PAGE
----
Author Topic: JOB DESCRIPTION: Splitting the jobs between co stage managers  (Read 7829 times)

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newsm

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this is my first time stage managing a musical, and i am confused about what my job is. I am co stage managing with another person. I was wondering what the best way to split our job was.
Do I split it by one of us would deal with actors, and the other with backstage and scene changes? If so, how.
Also, we have a huge amount of senior tech for this show. 2 stage managers, 2 assisstant stage managers, a tech director, and an assisstant tech director. Who runs the scene changes - the tech director or one of the stage managers?
Please explain to me the right balance of power and the best way to split the jobs of the co stage managers and tech director.
« Last Edit: Jun 08, 2009, 11:55 pm by PSMKay »

stagebear

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Re: Splitting the jobs between co stage managers
« Reply #1 on: Sep 29, 2006, 01:27 am »
well, having been in a quasi-similar situation, here's one option, but remember that there are many more and that you should all sit down together and talk through who does what.

SM1: Booth SM - calls the show (all cues)
SM2: Deck SM - supervises backstage and handles scene changes (after called by booth)
assign one ASM per SM to delegate to
TD: depending on the structure, but the TD is not running the show - there to buil show and solve problems during tech, etc

as far as rehearsals, the breakdown could stay along those lines, but the deck SM could track all technical elements while the booth SM takes blocking and does line notes, etc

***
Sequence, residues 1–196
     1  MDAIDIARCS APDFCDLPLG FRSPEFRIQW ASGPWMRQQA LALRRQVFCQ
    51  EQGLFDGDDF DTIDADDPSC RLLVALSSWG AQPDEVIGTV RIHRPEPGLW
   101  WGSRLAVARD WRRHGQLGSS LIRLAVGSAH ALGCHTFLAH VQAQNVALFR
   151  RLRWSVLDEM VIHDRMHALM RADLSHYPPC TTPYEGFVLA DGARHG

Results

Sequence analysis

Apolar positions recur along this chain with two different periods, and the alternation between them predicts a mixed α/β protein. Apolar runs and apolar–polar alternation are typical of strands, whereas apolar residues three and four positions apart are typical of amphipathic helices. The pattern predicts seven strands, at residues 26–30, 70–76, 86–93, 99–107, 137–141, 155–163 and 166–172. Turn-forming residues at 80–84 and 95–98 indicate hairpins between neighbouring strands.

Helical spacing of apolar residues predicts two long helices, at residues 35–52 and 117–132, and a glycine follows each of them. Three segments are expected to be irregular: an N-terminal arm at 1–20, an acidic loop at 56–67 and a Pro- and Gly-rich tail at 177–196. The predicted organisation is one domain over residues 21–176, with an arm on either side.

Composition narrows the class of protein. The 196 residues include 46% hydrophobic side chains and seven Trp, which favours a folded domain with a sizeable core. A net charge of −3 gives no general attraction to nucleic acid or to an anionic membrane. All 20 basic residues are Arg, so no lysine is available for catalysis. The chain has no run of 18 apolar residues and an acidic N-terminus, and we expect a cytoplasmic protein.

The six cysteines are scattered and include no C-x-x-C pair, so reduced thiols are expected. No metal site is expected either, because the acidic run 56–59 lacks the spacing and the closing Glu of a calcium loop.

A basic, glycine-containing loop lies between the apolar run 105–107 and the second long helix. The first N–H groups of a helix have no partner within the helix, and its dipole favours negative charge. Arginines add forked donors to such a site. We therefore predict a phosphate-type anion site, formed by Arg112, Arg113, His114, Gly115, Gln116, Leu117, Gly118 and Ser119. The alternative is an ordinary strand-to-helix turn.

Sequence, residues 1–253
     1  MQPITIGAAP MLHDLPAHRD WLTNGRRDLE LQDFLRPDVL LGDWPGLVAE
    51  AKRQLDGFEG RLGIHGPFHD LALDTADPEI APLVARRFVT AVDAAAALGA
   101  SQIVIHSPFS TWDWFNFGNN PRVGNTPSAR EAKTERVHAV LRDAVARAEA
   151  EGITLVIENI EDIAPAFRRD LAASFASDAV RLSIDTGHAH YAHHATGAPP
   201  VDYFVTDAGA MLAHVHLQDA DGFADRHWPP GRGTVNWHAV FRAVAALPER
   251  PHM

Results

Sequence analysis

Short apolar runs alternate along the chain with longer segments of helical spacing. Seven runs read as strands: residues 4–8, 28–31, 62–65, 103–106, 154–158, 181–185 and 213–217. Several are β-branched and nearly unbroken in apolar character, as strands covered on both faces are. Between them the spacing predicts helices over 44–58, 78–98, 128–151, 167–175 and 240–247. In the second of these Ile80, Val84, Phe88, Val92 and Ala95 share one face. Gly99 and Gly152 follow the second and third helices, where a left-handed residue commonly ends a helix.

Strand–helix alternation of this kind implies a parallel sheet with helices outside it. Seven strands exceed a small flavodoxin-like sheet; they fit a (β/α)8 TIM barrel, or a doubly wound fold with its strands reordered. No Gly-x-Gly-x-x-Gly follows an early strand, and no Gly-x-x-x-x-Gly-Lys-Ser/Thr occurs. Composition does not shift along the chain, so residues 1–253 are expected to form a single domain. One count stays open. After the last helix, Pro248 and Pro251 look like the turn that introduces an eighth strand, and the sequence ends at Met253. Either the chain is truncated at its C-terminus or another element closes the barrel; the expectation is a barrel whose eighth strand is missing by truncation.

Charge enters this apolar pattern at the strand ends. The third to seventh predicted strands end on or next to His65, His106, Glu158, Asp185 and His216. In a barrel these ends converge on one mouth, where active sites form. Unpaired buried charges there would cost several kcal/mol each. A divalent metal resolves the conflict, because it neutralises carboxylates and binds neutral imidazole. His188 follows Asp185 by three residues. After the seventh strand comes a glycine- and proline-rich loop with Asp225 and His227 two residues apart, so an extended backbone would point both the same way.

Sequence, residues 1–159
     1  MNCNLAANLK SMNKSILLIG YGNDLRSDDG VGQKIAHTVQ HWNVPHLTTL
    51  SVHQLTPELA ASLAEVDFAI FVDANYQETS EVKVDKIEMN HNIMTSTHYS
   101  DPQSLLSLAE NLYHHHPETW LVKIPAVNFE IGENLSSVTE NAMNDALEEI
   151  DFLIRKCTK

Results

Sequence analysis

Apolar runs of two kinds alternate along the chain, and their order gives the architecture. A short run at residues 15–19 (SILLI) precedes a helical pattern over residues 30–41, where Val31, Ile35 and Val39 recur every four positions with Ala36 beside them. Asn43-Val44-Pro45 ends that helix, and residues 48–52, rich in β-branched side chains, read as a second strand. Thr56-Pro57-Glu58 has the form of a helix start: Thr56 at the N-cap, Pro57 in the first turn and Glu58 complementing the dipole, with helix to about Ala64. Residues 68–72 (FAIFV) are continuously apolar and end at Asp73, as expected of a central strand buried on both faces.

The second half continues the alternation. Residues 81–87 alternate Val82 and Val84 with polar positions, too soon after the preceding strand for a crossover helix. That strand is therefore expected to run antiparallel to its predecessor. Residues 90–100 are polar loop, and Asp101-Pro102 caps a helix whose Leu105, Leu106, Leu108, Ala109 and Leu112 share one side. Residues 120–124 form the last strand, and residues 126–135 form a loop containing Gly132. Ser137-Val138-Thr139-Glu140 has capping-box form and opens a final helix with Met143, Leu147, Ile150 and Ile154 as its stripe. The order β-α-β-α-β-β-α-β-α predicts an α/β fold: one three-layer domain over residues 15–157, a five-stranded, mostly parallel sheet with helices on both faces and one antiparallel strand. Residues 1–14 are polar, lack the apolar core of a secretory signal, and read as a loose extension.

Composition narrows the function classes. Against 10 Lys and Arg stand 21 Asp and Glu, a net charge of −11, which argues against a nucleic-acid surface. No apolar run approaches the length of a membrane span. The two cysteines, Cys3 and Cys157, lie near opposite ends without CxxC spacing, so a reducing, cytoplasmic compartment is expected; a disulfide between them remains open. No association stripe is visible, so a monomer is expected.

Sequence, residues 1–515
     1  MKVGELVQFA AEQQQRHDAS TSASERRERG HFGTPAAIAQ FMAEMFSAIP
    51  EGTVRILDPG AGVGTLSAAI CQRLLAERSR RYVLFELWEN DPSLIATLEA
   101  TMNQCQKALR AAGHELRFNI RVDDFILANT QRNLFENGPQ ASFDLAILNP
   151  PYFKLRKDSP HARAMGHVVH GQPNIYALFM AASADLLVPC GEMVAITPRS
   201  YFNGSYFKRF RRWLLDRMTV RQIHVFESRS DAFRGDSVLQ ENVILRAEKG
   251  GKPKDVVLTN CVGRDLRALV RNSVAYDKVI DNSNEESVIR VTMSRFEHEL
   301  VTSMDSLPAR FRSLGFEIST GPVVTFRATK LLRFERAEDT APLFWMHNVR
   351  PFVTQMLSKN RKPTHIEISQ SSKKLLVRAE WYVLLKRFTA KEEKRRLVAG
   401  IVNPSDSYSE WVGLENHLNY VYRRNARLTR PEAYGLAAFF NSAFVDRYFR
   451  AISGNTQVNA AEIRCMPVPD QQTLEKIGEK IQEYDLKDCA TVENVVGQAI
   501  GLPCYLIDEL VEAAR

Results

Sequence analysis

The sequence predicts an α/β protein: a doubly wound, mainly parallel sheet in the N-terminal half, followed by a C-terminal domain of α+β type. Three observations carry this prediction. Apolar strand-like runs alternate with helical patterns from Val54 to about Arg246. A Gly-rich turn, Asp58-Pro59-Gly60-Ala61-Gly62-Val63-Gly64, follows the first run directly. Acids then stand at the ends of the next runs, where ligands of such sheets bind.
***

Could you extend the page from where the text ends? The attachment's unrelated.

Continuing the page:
Mac Calder

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Re: Splitting the jobs between co stage managers
« Reply #2 on: Sep 29, 2006, 04:20 am »
I think this is a case of "Too many cooks".

There are a few ways I can think of dividing it - one would be SM1 runs preproduction, whilst SM2 takes production. Tech week acts as a handover period, SM1 doing the prop and actor organising, SM2 taking the lead in technical stuff. Another is as the poster aboves method. The final method would be you split jobs pre-production, and have a calling roster during the production (ie SM1 calls one show, with SM2 on deck, the next show the roles reverse).

Scott

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Re: Splitting the jobs between co stage managers
« Reply #3 on: Sep 29, 2006, 01:42 pm »
The tech direct believes that she runs the scene changes rather than the stage manager, is that so?

That is not neccesarily a bad model:

Tech director supervises the mechanical moves while the Stage Manager checks set placement (spikes), actor safety, prop placement, etc.

For example, when I had a big union crew at NJPAC for Il Trovatore, I would just call the set change Q through to the lead carpenter who supervised the crew making the  moves.  My assistant would stand DC and make sure that where things went was where they were supposed to go :) and give me the clear so I could start things rocking again (Q Light to Maestro!). 

thehayworth

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Re: Splitting the jobs between co stage managers
« Reply #4 on: Sep 29, 2006, 03:45 pm »
What you want to avoid is more than one person trying to do the same thing, and/or items and tasks not getting done because everyone thinks someone else is doign them or they just plain get lost in the shuffle,

establish clearly up front who is doing what / who handles what areas.